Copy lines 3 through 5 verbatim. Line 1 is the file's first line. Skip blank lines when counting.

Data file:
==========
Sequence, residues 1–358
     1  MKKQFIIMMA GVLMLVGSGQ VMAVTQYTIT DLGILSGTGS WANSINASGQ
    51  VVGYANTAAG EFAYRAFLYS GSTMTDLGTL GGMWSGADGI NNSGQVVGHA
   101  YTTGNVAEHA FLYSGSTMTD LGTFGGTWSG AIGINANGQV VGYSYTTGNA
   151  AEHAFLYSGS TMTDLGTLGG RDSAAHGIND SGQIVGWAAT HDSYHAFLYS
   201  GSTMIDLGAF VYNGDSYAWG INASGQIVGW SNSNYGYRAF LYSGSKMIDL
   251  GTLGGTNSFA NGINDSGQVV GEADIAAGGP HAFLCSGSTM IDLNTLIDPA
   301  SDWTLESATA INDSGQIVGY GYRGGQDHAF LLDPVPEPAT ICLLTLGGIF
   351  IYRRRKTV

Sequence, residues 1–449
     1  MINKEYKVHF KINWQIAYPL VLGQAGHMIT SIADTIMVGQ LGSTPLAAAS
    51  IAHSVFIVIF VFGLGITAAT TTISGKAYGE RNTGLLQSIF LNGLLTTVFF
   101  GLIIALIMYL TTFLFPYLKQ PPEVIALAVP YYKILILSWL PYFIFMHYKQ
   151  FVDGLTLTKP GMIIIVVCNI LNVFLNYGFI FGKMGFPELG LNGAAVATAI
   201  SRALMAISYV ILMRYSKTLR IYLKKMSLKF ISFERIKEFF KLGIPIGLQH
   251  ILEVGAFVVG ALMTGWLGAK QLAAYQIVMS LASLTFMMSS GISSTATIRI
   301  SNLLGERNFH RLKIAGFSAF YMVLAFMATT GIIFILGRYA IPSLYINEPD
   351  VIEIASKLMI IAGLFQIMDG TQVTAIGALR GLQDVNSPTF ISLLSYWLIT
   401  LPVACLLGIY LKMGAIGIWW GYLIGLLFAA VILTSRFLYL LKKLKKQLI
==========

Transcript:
    51  VVGYANTAAG EFAYRAFLYS GSTMTDLGTL GGMWSGADGI NNSGQVVGHA
   101  YTTGNVAEHA FLYSGSTMTD LGTFGGTWSG AIGINANGQV VGYSYTTGNA
   151  AEHAFLYSGS TMTDLGTLGG RDSAAHGIND SGQIVGWAAT HDSYHAFLYS